The reason why the stock market is falling this year when there was no recession on the horizon is because we’re having and Anti-Beta crash. I do a lot of original research in Tactical Factor Allocation. One factor is usually overlooked, Anti-Beta. This is long low beta shares and short high beta. In the long run, low beta beats high beta because high beta is overvalued. But high beta often has a big run before it crashes. There is ample research showing when to expect a ‘Beta Crash’. It’s simply when popular stocks have a long uptrend and get overpriced. In other words, at the end of 2017. High Beta stocks were way too high. Since September, the Anti-Beta ETF (BTAL) has outperformed the market by 25% (up 15% versus down 10%).

    Also unweighted sector indexes outperformed weighted by a large amount. This tells me that big cap ETF popular leaders were falling faster than the rest of the market.

    A beta crash is a sentiment thing not an economic. That’s why everybody missed it. But then you might ask, if high beta gets washed out with extremes in pessimistic sentiment like we are seeing now, can that make the bottom? My thinking is possibly. But not if the beta crashing stock market influences consumer spending negatively. Stock markets going up produce a ‘Wealth Effect’, going down a ‘Poverty Effect’. That’s producing an ironic effect. Everyone stayed in the stock market as it was falling because there was no recession on the horizon given normal long term indicator readings. But the beta-crashing market might create the consumer recession very soon that wasn’t evident without the crash.

    A change of topic. Let’s take a look a the power of a moving average strategy in a bear market. Here is a chart of the Oil & Gas Producers ETF. It was my largest holding. Oil prices were virtually guaranteed to go up when the Iran sanction would go into effect. I felt foolish putting in a stop loss sell order at the moving average line and doubted whether selling it at $41 was wise. Well, Trump pulled the rug out from under OPEC by allowing the 8 largest importers of Iranian crude to keep on buying. The ETF is now around $25 after an amazingly steep plunge.. You might say that I could have sold when I saw the bad news rather than use a mechanical stop loss method. But. I’m a student of behavioral economics and I know I might be trapped by my biases into holding on and hoping for a rally. I’m sure you and most investors are struggling with loss positions currently that you’ve decided to hold on wishfully hoping rather than admit defeat and selling.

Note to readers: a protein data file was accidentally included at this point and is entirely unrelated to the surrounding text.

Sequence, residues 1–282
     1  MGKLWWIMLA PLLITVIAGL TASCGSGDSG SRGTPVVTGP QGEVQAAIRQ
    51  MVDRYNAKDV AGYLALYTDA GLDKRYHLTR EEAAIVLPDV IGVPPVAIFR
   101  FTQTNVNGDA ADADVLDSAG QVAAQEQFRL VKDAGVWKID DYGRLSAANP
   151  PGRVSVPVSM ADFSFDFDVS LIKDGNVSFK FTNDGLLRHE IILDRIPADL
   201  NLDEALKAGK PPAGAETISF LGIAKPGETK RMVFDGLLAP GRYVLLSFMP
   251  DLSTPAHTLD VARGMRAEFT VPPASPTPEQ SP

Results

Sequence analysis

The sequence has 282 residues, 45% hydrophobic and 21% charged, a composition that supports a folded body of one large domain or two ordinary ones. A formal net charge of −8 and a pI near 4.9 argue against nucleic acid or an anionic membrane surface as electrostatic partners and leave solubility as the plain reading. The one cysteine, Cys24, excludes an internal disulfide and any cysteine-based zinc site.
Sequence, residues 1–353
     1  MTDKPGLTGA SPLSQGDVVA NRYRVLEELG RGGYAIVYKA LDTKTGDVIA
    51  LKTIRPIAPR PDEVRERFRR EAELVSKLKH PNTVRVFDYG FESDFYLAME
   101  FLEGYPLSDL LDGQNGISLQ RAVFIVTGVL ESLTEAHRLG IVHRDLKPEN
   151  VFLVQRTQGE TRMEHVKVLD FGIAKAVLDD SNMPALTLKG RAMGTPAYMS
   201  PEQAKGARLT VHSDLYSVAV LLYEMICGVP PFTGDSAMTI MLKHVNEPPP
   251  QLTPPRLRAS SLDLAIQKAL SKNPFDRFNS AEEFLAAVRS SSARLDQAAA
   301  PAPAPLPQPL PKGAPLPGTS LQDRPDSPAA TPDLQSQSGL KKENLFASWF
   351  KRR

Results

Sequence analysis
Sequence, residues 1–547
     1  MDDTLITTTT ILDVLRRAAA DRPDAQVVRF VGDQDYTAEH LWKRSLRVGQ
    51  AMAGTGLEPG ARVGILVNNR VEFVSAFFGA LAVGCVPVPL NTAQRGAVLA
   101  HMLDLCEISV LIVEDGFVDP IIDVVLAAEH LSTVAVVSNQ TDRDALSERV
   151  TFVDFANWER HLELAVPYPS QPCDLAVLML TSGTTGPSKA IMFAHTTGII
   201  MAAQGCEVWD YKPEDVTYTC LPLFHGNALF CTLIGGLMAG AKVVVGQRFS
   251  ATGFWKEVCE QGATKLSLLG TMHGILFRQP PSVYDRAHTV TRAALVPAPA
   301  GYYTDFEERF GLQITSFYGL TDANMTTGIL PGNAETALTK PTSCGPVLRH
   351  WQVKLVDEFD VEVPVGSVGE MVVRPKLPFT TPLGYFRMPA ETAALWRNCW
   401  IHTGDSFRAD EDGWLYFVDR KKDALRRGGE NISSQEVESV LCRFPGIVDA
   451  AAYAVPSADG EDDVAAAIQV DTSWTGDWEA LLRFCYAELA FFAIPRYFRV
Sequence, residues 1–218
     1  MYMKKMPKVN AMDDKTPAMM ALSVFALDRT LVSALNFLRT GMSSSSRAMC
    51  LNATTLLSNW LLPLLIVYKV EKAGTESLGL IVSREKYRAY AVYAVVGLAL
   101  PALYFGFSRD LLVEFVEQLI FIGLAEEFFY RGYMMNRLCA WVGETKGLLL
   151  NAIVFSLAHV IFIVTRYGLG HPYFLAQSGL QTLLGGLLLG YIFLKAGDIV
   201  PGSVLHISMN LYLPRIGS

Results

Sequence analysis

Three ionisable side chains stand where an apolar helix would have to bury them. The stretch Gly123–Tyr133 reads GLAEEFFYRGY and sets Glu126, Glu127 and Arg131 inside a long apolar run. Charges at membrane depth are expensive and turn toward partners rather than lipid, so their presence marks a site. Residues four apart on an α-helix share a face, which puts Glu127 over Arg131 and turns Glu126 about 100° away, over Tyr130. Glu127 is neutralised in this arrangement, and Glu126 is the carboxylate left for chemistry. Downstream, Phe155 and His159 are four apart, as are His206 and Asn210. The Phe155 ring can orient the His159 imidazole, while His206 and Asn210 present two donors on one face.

Portfolio managers don’t like to use moving averages to buy and sell. They want to use their vast knowledge. They hate say, “I don’t know.” I pride myself in being a very knowledgeable student of the markets but I’ve also come to realize that sometimes it’s impossible to know what will happen. Cam’s post today is a perfect case. We are either at the bottom of a mild bear or midway down to a big bear low much deeper. Guess what? Nobody knows. A great quote was, “If you aren’t confused, you simply don’t know what’s going on.” That is where we are today. I said in a blog post a while ago that investors should stop buying dips ( a profitable strategy for two years) now that we were in a bear and start using moving average lines because you could get trapped if markets plunged more than expected. We are still in the bear so my suggestion is to use them or some other objective stop-loss method.

    1. Hello Ken, Your market views have been spot on. Congratulations. What is the title of your book on Momentum Investing? Do you have a website?